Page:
The study finds that these businesses, responsible for most of the employment in the Republic, owed a total of €21 billion at the end of December 2013, down from between €26 billion and €28 billion in January 2011.

A former director of Irish Nationwide Building Society (INBS) has alleged the Central Bank and other State entities have joined together in exposing him to a “vindictive and wholly unmeritorious” claim for damages of perhaps more than €1 billion and “ruin” him.

Letters, including correspondence from former INBS chief executive Michael Fingleton, showed it was apparent to the Central Bank in 2006 and 2007 the INBS board was not monitoring the delegation of the board’s powers to Mr Fingleton, but the Central Bank “did nothing”, senior counsel John Rogers said.

The action brought against John Stanley Purcell and other INBS directors by State- owned Irish Bank Resolution Corporation (IBRC) arising from the alleged unlawful delegation to Mr Fingleton seemed to have been devised in consultation with the Central Bank, he said.

Standard Chartered has warned of lower profits this year after a 20 per cent slump in first-half earnings, as tougher regulations and low market volatility hit its trading business.

The bank also said the head of its financial markets business, Lenny Feder, was taking a one-year sabbatical and would not return in the same role.

Revenues from the financial markets business, which includes equities, commodities, foreign exchange and other capital markets activities, are set to fall by a fifth in the first half from a year ago, the bank said in a trading update.

Irish Examiner

The Oireachtas banking inquiry has been advised it cannot investigate the dramatic, late-night ministerial talks which approved the infamous bank guarantee, because they are covered by Cabinet confidentiality.

The committee heard that the minutes of the 30-minute meeting and what former taoiseach Brian Cowen discussed with his ministers are off-limits, but documents and advice leading up to and after the Cabinet talks can be discussed.

Members were also told the cost of the Oireachtas inquiry could reach €5.2m, when staffing, legal and set-up costs are included.

Committee chairman Ciarán Lynch confirmed that it had been agreed that the inquiry would conclude its work by November of next year, and that a full proposal on its work will be ready this September, when the Dáil returns from its summer break.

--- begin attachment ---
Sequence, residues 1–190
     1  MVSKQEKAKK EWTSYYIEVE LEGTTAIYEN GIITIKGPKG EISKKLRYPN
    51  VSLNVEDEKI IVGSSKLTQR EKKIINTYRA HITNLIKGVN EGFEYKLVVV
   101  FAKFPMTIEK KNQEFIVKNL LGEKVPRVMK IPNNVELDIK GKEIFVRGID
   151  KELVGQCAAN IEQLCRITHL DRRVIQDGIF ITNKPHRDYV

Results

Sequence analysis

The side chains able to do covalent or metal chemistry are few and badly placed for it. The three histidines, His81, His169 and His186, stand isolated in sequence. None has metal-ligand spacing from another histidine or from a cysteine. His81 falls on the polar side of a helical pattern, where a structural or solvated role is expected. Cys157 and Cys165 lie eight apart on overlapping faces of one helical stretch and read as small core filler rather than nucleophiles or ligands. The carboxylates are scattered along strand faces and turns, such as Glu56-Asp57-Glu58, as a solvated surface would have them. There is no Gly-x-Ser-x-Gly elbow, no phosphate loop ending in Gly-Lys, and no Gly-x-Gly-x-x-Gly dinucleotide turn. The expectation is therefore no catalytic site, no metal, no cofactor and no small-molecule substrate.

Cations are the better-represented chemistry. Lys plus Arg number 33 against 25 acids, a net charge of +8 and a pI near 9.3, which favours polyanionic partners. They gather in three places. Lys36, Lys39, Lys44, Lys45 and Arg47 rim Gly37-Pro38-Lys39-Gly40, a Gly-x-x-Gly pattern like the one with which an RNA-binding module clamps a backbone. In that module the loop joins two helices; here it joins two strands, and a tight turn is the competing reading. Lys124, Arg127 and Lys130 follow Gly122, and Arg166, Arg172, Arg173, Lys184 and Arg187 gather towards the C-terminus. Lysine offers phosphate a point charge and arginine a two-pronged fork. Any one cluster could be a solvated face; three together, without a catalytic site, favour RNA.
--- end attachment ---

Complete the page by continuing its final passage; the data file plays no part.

However, legal advice given to members yesterday stated that questions cannot be asked about the infamous Cabinet meeting of the night of September 29, 2008, where the €440bn blanket bank guarantee was approved.

Europe

Euro Topics: Belgium once more menaced by paralysis: The Flemish nationalist Bart De Wever has failed in his bid to form a government coalition in Belgium. On Wednesday he was relieved of his duties of informateur by King Philippe. Belgium can't afford a standstill now, the business daily De Tijd warns: "The next five years will be hugely important. If a government is formed it will be the first to have to tackle the bitter consequences of an aged society. ... The pension costs are rising faster than our prosperity. So the fact that Bart de Wever's coalition paper came to nothing is a missed opportunity. The challenges the paper outlined are the tough reality of the situation. We must create more jobs, make our companies more competitive, fix our budget and make social security affordable. ... It's a bitter disappointment that a month after the elections we clearly still aren't in a position to deal with these challenges. We are wasting precious time."

Think big in Ypres: The EU heads of state and government will meet this time in the Belgian municipality of Ypres, the scene of many battles during the First World War. In view of the significance of the location, the left-liberal Danish daily Politiken hopes the summit will be marked by success: "Never before have we been so closely intertwined with each other. Never has there been so much social welfare. And never before has such a small country as Denmark had so much scope and so many possibilities to influence its own fate. ... Now Europe's leaders should take a stance on the current problems and the signals their voters have sent. They know that Europe must focus on the big problems and set the little ones aside. ... They know that the main issues are the young people, security, energy and the climate. ... They must think in terms of the big picture and present concrete results to convey a positive image of the EU to the Europeans. In contrast to Europe's protest parties the heads of government can give the voters an answer."

Wilders' Europe revolution has fizzled out: PVV chief Geert Wilders only has himself to blame for the failed bid to form a Eurosceptic bloc in the European Parliament, the liberal Dutch daily NRC Handelsblad comments, not without a touch of regret: "It's not surprising that Wilders has ended up isolated. He deliberately formed an election alliance with Marine Le Pen's Front National, but other politicians with anti-European ideas were repelled by this party's anti-Semitic past. So Wilders should have known better but he persisted in cooperating with Le Pen. The result is that his announced political revolution has fizzled out. Even if you don't share the views of the Eurosceptics it's lamentable they are so fragmented in the European Parliament. ... A strong dissenting voice is good for a lively democracy."


© Copyright 2011 by Finfacts.com